Walking into my mentor group is typically the same every day. It is usually full of kids who are sleeping, doing homework or on their phones. However, one December morning last year I walked in late to complete chaos. Kids were yelling, arguing, and could not be controlled by my mentors. What could have possibly been causing this chaos? Charity.
I walked in last December just before the start of Mentor Group, and in the middle of that craziness, I couldn’t figure out what was going on. After the announcements, my mentors restated what was going on at the time that caused such chaos. We were choosing an organization to give money to for the Sharing and Caring Drive. One side of the room wanted to give to animals, the other wanted to give to cancer research. For the next week or so, kids would present their arguments and the rest would have to vote on which one to do.
Many people believe that all facets of the Sharing and Caring Drive are pleasant and full of family spirit. However, every year there are heated debates, people choosing sides, and friendships damaged due to choosing a topic for the Sharing and Caring Drive. Different organizations are offered for each house, and the student body takes it very seriously. There are usually three or four proposals for who to donate to for the drive and students become very passionate about it. And this is why students in my normally calm Mentor Group were so fired up.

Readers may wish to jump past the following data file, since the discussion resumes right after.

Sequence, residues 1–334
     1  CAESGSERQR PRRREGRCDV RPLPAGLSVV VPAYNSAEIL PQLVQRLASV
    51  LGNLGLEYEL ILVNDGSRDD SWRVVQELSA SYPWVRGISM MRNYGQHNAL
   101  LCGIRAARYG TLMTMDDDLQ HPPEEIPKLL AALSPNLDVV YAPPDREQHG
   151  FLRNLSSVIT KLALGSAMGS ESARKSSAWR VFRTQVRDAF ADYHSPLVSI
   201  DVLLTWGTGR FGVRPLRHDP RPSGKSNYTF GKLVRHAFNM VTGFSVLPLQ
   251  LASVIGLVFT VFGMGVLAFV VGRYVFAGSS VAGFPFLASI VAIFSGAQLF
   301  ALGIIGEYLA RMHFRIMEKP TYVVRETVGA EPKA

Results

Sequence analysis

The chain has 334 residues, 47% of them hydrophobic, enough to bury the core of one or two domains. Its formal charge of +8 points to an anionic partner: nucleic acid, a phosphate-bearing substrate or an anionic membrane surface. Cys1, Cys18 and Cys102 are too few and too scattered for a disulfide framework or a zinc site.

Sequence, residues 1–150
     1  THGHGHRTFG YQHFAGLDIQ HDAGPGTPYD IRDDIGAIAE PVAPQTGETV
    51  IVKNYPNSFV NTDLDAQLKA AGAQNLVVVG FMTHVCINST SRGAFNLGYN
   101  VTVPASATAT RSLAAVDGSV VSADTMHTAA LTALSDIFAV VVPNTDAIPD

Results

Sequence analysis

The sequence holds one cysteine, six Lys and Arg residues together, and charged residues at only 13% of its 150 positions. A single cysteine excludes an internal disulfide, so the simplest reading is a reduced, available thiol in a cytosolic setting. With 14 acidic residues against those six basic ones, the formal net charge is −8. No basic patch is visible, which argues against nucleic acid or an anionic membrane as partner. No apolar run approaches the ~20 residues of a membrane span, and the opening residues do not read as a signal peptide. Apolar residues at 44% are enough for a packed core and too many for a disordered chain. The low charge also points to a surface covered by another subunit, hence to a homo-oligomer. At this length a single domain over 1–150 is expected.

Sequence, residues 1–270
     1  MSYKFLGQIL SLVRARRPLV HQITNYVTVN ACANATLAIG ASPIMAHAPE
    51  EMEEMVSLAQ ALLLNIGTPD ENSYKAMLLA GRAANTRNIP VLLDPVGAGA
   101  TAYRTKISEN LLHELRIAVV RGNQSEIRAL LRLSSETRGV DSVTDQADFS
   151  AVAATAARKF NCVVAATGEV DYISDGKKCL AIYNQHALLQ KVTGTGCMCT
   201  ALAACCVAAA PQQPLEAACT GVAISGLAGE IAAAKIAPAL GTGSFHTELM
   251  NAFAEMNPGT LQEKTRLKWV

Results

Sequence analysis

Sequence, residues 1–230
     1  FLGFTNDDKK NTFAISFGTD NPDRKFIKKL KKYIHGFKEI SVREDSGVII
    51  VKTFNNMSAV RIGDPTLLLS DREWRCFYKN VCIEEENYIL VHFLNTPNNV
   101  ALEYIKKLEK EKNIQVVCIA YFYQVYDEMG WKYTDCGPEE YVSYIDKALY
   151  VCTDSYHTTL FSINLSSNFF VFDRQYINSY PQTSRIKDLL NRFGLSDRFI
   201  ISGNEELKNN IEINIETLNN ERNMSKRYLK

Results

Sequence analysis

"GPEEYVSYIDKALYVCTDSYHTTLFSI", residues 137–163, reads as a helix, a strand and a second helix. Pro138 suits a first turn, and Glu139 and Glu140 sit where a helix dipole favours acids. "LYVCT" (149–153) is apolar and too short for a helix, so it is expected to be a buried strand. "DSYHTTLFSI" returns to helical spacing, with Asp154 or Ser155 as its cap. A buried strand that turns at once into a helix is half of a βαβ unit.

This specific event is usually done around early to late November in order to get students “into the Christmas spirit” and “excited about giving.” Like many things that the school faculty have decided to do, the decision they made to better help the student get into this holiday mood of giving didn’t go to plan. By allowing students to pick their charity, the administration felt that the students would be more passionate about the topic and do more to help as a result. However, this decision has proved to be quite decisive among the student body and most likely will not continue.
In an effort to combat the chaos caused by allowing high school students to pick their charity, each House chose to campaign a charity of their own. For example, the Meyer House picked the International Institute as their chosen charity and encouraged all Meyer mentor groups to consider choosing that organization as well for the Sharing and Caring Drive. They even had all the seniors of the Meyer House sit down and listen to a somewhat brief presentation from a representative of the organization explaining all the work that they do.
Reactions to the presentation and the Houses overall effort to campaign certain charity organizations were mixed. Some students were convinced and went with their House’s choice for their mentor group’s charity organization. Other students felt that if the House wanted them to choose a certain organization, they definitely shouldn’t choose that organization and go a different route.
In the end, Meyer mentor groups who chose their own organization for the drive found a much easier time raising money for their cause than Meyer mentor groups that just went with the international institute. In my experience, last year we chose to give to cancer research rather than the dogs, and we raised over $250 with limited encouragement and reminders. However, this year we just stuck with the International Institute and barely got over $100.